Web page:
Monday, May 31, 2010

Memorial Day & Beyond!!

Memorial Day 2010 is fading fast, so let the Catacombs take a brief pause to remember the fallen. I've chosen this nice image of The Haunted Tank crew to represent our honored war dead.


The weather is atrocious and is apparently gonna be stubborn and remain that way most of the week. Hopefully, the sky will clear for the kick off of the three day Heroes Convention in Charlotte at the end of the week. I do know that come hell or high water, I will be there. The photo (left) is my tongue-in-cheek nod to how I feel at the moment. It's always a bit tense trying to prepare to go out of town to a convention, worrying if you're forgetting something to be signed or making a list (and checking it twice) of neat stuff to look for at the show.

This year I have prepaid for most of the sketches that I'm planning on picking up from the artists who will be in attendance. Don't ask me how much "scratch" I've already shelled out, just take another glimpse at that photo (above; left). Yeah! That sorta says it all.


My oldest daughter is due to fly to London in a couple of weeks for a summer internship, before finishing off her last year in college. My youngest daughter is preparing to head for Charleston, SC, even as I flee town, this week too. She's going to watch a young man she's a bit sweet on, graduate from Marine Boot Camp and then she'll chill out with her friends at the beach for a week. At least my son isn't hitting me up for a wad of dough. He has two jobs to keep himself floating in high cotton, now if only they'll take good care of my pug, Bandit, while I'm hobnobbing with the 300 comic book industry guests - and the even larger horde of mega-nerds - who will probably be trying to snake me on some high grade bronze age gems in the Queen City of the Carolina's. Don't press me boys!!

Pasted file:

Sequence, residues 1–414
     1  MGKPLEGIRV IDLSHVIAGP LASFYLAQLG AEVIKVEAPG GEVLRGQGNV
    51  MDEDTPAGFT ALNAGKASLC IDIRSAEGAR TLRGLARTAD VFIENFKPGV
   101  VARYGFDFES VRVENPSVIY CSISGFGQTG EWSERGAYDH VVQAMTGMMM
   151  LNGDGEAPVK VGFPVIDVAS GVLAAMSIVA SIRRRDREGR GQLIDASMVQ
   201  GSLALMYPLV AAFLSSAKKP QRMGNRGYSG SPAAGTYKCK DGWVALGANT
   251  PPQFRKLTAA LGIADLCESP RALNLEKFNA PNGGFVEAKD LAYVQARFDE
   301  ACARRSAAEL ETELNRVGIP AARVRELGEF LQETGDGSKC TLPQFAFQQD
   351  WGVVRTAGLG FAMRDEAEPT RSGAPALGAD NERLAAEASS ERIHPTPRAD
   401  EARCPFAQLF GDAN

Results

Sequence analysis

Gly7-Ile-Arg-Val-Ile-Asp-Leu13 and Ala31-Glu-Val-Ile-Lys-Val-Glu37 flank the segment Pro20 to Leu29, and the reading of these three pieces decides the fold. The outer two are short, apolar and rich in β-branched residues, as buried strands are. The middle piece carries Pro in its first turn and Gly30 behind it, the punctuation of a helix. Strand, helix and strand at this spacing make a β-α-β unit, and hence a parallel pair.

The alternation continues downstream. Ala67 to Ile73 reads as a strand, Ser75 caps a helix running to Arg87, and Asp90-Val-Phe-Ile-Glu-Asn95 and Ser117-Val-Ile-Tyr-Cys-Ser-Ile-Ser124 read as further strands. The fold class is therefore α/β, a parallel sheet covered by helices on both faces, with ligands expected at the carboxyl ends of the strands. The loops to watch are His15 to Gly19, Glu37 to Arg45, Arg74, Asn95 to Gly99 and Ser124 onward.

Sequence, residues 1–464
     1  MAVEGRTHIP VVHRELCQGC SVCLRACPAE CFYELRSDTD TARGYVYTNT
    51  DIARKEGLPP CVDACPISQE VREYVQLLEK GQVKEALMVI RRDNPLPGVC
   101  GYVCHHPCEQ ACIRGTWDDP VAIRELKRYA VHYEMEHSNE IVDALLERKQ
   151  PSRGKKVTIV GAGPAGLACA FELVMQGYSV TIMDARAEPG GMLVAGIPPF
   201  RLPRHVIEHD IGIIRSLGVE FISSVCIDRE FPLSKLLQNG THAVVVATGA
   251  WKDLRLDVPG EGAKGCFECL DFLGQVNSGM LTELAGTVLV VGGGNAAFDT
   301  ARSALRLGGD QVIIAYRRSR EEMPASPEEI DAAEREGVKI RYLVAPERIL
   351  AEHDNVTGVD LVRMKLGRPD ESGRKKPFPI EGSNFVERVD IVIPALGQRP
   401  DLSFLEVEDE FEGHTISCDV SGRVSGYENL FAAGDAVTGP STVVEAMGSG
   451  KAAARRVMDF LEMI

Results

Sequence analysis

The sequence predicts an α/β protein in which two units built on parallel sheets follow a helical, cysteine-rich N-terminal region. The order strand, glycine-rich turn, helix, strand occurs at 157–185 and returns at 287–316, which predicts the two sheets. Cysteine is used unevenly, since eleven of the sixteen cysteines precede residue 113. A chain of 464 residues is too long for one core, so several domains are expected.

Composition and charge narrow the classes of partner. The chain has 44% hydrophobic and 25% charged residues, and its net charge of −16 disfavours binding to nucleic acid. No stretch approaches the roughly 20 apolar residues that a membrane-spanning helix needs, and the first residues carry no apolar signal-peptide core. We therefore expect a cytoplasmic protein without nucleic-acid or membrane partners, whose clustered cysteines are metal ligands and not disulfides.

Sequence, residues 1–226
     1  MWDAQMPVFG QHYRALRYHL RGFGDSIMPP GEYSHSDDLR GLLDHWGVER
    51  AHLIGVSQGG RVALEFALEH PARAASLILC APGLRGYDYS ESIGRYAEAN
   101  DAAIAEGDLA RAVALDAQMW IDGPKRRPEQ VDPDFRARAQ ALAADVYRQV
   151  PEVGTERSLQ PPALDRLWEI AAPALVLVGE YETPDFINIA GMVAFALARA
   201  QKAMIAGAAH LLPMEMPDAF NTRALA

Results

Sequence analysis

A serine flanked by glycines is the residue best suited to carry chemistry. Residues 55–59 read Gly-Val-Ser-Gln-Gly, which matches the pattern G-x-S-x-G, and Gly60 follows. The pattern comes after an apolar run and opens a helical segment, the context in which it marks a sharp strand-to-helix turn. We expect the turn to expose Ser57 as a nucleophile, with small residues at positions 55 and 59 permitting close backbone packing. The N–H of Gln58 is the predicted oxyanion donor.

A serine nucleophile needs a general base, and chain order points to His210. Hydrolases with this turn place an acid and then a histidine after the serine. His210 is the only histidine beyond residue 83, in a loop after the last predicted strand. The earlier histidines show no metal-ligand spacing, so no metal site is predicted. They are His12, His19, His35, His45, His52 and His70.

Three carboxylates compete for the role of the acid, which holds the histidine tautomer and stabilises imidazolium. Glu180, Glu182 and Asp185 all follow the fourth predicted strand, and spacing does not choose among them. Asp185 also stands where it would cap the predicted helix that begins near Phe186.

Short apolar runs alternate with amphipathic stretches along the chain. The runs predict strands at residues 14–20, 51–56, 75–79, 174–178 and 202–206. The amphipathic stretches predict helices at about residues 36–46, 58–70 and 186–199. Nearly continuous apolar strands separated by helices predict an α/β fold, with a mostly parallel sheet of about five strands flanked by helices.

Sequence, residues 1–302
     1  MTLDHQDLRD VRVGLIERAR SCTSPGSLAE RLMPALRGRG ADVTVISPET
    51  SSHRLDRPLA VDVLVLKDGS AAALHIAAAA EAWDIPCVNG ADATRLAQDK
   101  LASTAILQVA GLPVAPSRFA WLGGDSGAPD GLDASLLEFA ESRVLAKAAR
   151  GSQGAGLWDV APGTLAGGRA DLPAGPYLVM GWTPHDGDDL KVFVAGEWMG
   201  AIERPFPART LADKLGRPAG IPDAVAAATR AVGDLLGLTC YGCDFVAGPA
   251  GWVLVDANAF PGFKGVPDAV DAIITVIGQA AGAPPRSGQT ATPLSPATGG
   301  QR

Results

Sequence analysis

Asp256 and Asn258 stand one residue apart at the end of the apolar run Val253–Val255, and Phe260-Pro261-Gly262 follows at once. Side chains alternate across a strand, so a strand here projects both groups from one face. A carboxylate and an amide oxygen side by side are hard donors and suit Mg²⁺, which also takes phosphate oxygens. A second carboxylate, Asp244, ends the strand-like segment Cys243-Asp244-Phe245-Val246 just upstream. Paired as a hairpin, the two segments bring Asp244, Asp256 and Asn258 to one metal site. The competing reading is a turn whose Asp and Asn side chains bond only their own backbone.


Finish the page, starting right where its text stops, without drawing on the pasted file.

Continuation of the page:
As an advance notice to the lovely lasses who also happen to show up in force for Heroes Con, this year I am more or less single, for the first time in twenty-two years; so fair warning. I won't be turning down any indecent proposals, like I've tended to do in the past. This year, all bets are off (and hopefully a few wardrobes as well).

Yippee ki-ay!

Saturday, May 29, 2010

Heroes Convention: Charlotte, NC - June 4-6, 2010 ("That's one week from now!")

By this time next weekend, I will be hip deep into the Heroes Convention in Charlotte, NC, now in its 29th year. Sponsored by Heroes Aren't Hard To Find owner, Shelton Drum and his army of loyal volunteers - rather press-ganged employees. The Heroes Convention has earned much respect from within the comics industry for being family-friendly and also for reaching out to every demographic you could possibly name. The popular "Indie Island" area which focuses on small press creators and publishers has grown so huge that "continent" might be a more appropriate term these days.